Appellant's Brief

Purpose, Passion and Profit (Again)

I tendered my resignation nine days ago. My second this year. It was hard the first time around, doubly harder the next.

Six months ago, I resigned from a job that I held for some six years. It was in that firm that I learned how to be a lawyer. Until now, when I come visit, the place feels like home. You would have thought that leaving it was harder than leaving a space I occupied for only six months. But it was not.

Maybe it is because the ties one has with old friends is deeper, harder to break. And the idea that those ties will not be broken by distance, or by the transformation that by necessity goes along with one's departure, tempers the emotions. Hence, in one's mind, departure is not the same as disappearance.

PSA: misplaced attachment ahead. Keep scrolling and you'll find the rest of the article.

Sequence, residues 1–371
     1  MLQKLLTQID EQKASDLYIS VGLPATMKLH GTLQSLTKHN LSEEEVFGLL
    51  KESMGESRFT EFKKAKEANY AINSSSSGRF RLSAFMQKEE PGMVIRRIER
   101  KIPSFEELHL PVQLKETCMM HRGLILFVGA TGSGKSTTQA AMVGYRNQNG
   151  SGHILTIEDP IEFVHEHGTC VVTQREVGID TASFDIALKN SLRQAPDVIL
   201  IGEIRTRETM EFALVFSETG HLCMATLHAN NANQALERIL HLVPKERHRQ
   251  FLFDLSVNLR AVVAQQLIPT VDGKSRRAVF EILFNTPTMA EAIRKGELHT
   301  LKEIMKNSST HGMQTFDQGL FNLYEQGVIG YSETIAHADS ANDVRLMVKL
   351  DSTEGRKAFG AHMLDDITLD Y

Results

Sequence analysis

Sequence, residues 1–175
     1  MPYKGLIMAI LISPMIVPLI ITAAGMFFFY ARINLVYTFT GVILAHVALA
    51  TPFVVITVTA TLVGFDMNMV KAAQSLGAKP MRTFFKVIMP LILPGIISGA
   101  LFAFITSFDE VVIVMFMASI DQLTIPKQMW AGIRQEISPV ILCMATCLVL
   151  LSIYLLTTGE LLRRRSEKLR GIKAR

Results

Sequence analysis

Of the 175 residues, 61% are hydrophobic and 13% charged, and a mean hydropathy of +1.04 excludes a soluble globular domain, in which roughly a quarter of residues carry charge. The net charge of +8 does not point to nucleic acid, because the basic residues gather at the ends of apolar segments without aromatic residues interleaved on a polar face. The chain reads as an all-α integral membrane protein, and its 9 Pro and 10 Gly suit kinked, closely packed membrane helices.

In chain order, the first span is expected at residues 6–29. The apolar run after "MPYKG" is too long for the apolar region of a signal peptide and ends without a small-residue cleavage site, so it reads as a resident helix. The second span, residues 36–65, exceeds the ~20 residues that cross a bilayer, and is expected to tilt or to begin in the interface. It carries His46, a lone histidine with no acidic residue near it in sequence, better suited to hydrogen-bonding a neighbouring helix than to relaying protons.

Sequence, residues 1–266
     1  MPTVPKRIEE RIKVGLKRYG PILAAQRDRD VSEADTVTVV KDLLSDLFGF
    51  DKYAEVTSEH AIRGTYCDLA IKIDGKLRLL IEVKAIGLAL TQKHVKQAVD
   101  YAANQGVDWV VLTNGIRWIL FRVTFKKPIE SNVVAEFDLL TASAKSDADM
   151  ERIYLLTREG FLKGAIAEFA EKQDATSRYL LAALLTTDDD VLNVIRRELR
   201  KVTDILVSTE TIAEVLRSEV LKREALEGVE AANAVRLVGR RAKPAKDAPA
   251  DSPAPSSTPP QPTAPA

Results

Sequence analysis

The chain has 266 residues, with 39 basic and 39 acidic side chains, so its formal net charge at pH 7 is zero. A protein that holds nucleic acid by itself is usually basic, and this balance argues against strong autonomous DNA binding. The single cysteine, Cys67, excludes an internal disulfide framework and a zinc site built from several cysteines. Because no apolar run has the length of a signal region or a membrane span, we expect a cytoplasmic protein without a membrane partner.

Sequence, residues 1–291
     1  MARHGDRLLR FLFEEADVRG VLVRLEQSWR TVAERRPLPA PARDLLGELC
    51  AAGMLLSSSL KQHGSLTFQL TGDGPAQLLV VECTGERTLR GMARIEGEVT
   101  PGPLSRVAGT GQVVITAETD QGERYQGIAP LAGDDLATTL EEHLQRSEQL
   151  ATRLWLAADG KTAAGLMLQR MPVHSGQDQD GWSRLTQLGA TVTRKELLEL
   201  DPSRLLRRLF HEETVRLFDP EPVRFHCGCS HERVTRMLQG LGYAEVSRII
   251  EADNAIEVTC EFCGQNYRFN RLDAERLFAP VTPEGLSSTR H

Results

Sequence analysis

On the other hand, to leave a place one has not fully grown into, with people one has grown to respect, seems permanent. And the feeling that one could do a lot more, whether for the place or the people, is more pronounced. In this instance, leaving could very well be forever. Not because one chooses to, but because time was far too short for the
bond that holds you to that place, those people, to take root.

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Pleaded by Appellant on Wednesday, November 01, 2006 @ 1:28 AM with 0 Objections